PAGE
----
Northern Michigan’s Sugar Loaf Mountain Back in the News

When Matthies said he could tell Sugar Loaf would go bonkers back in the 70’s, of course he meant “bonkers” in the good way. But “bonkers” can also mean in a not-so-good way. And that’s the kind of bonkers that describes things at Sugar Loaf from the late 90’s till now. During the 90’s the Sills group added a second golf course, designed by Arnold Palmer’s group, but still the resort struggled.

In 1997, Empire Bank took the resort back, but Sills’s group retained ownership of the golf courses and wastewater treatment plant. Many people in the community believe that splitting the golf courses from the ski resort created a fatal flaw for the property because it eliminated summer revenue.

Hotelier Remo Polselli, from Southfield, took over the ski resort in 1997. He spruced up the lodge inside and out and seemed serious about making a go of it, but due to accounting irregularities in Polselli’s books, the state refused to transfer the resort’s liquor license to him. “You can’t run a ski resort without a liquor license,” Matthies says. The resort closed in March 2000.

One of the saga’s kookier moments came in November 2000, when, despite the resort’s lack of running water a dad, mom (pregnant), their seven children and the dad’s parents moved into the shuttered resort. They told Eric Carlson, a reporter at the Leelanau Enterprise who has most closely followed the Sugar Loaf story, that they represented a religious-based organization that purportedly intended to purchase the resort and turn it into a family camp that taught character building. But the deal never happened, and the health department kicked the family out after a few weeks.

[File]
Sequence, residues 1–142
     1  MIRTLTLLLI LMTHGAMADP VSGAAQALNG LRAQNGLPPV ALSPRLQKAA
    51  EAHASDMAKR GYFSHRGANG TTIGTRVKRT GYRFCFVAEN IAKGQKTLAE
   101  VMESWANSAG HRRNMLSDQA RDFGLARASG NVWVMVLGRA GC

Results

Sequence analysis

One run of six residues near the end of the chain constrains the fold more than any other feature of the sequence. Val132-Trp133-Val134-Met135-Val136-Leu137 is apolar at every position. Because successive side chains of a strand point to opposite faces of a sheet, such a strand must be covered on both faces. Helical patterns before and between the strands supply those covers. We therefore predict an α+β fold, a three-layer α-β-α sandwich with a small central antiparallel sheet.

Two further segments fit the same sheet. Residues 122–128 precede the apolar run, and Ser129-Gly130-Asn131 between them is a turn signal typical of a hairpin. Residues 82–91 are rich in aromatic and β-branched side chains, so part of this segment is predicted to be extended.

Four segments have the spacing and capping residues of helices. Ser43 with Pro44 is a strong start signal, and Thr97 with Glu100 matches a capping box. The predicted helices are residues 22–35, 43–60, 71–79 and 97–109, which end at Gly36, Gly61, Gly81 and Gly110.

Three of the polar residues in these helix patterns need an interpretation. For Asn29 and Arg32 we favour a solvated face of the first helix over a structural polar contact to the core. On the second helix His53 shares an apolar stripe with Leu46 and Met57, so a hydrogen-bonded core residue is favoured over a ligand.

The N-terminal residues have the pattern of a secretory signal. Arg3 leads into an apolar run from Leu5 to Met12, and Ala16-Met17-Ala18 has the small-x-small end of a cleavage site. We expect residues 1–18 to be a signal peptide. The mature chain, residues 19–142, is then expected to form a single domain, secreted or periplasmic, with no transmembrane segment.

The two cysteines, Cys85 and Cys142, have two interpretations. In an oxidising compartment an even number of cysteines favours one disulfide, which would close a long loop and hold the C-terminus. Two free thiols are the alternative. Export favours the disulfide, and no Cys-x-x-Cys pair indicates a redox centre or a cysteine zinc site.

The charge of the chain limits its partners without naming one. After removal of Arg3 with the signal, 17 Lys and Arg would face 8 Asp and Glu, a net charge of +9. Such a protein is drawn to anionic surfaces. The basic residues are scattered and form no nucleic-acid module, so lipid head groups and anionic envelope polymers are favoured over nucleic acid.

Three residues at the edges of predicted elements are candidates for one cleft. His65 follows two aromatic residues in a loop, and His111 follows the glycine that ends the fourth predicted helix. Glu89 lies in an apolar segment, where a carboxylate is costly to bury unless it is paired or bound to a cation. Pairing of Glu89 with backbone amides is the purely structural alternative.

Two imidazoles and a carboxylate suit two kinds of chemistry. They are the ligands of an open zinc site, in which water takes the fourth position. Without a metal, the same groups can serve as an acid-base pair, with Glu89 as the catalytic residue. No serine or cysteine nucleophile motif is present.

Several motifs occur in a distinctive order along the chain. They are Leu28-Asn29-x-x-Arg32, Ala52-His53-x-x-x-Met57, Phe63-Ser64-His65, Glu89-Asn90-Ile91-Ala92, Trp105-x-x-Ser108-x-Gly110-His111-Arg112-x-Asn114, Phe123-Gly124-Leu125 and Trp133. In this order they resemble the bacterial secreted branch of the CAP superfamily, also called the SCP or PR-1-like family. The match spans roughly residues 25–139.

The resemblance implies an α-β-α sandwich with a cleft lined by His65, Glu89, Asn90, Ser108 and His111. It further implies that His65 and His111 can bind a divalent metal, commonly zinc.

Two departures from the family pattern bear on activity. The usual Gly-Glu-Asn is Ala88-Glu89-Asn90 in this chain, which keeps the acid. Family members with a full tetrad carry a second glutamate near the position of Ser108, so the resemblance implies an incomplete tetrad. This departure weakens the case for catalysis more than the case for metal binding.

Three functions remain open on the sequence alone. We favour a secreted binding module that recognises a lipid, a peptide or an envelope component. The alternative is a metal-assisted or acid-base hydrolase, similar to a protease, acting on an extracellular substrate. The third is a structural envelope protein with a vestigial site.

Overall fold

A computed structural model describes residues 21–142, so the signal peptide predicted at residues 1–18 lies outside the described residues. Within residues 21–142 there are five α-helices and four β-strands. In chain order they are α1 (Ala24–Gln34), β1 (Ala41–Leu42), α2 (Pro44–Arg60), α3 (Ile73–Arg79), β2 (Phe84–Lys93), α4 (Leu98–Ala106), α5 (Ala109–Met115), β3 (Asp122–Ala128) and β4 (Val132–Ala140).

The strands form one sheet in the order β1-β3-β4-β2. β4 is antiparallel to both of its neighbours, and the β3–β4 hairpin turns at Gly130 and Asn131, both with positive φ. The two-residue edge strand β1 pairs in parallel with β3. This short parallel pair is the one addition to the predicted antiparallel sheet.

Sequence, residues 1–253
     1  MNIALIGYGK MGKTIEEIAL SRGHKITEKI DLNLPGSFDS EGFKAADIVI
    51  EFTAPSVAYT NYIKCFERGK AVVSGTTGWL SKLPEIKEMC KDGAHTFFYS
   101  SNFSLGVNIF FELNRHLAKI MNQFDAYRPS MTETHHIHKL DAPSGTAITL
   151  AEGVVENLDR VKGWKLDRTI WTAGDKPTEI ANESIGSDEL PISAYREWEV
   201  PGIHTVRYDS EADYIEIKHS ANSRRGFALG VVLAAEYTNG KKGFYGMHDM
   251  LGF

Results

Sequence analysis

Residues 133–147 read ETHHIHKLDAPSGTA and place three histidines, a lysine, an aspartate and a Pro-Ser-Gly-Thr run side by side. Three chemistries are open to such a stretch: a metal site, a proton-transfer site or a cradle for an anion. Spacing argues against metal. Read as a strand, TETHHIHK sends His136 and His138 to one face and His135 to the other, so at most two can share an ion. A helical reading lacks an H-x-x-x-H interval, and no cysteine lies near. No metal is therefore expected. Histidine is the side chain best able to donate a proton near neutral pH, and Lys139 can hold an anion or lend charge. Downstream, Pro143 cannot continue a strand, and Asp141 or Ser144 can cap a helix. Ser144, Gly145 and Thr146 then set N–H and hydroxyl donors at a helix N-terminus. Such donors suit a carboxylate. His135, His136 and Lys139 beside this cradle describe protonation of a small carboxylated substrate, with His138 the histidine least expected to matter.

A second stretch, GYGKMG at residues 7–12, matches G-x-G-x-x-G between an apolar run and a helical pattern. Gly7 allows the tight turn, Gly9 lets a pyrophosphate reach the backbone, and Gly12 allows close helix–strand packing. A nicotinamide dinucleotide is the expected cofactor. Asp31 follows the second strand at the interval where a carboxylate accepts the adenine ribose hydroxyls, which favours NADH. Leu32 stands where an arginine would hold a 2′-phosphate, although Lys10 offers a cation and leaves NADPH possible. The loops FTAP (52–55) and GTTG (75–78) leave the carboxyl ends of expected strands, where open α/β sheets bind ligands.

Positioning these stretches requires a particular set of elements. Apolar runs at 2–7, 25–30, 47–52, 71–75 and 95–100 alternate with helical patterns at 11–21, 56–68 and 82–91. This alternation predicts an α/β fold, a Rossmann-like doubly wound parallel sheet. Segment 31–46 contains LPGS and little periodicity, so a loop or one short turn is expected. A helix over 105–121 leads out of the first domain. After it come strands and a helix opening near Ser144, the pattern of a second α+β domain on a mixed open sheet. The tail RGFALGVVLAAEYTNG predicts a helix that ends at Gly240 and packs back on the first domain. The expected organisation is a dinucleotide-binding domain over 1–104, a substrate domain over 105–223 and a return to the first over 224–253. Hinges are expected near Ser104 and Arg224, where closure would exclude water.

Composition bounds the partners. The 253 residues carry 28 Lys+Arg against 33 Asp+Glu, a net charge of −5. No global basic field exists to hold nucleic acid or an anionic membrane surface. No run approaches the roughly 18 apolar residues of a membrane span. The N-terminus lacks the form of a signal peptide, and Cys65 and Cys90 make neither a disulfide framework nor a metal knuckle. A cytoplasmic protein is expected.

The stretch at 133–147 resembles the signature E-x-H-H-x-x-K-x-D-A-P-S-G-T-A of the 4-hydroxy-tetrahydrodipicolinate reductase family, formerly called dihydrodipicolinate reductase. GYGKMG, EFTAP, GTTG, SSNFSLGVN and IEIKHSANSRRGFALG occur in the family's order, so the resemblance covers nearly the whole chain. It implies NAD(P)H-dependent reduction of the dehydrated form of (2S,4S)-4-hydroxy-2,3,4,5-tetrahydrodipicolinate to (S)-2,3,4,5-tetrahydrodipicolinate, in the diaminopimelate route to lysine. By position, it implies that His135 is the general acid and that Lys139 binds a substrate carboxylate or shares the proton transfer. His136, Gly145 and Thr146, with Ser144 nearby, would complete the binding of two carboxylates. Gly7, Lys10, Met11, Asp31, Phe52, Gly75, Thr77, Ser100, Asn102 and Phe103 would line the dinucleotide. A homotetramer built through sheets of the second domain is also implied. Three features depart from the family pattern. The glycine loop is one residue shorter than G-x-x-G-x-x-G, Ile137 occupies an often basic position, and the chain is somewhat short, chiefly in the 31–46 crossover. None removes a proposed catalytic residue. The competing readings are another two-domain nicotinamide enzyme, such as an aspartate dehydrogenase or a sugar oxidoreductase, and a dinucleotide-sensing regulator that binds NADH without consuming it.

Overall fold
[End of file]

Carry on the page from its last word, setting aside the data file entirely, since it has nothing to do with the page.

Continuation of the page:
An especially low point: in 2003, Polselli pleaded guilty to federal tax evasion charges related to a different hotel and spent two years in prison.

Hopes rose in 2005 when Kate Wickstrom, a Leelanau County high school grad and operator of a Battle Creek Narconon addiction treatment center purchased the resort for $5.7 million. Wickstrom held a public celebration one bright April Saturday afternoon at Sugarfoot Saloon, near the resort, and locals filled it to standing room only.

She told the crowd that she hoped the restaurant would be open in August and that ski runs might open for the 06-07 season. Within days a construction Dumpster showed up in the resort parking lot and locals excitedly waited for renovation to launch. But an odd silence prevailed. Wickstrom was seen picking weeds from a fl owerbed, but otherwise, no crews appeared. The Dumpster was carted away. Eventually Wickstrom did produce a plan for the resort and replaced some windows in the hotel, but major renovation never happened. [Kate Wickstrom did not return calls for this story.]

As the first decade of the resort’s closure unfolded, various suitors appeared, and rumors of pending deals floated time and again, but they never closed. Speculation also ran high when it was disclosed that Remo Polselli’s wife was listed as the sole owner of the bank that held Wickstrom’s mortgage.

The tale reached a certain dramatic peak just this past spring when a 39-year-old Las Vegas hotel entrepreneur, Eneliko “Liko” Sean Smith arrived on the scene. He said he’d have the restaurant open for summer and people skiing again. But as the weeks passed, it became apparent he lacked the financial wherewithal to resurrect the resort.

He began soliciting donations online—people questioned the legality of soliciting donations for a for-profit venture. It was then revealed that Smith had connections to Remo Polselli, a relationship he had previously denied. Smith held an event at Red Ginger, in downtown Traverse City, where people could pay $100 to hear his plan, eat hors d’oeuvres and listen to his 19-year-old wife sing songs. Few people showed. By autumn, Smith had declared the deal dead and left town.

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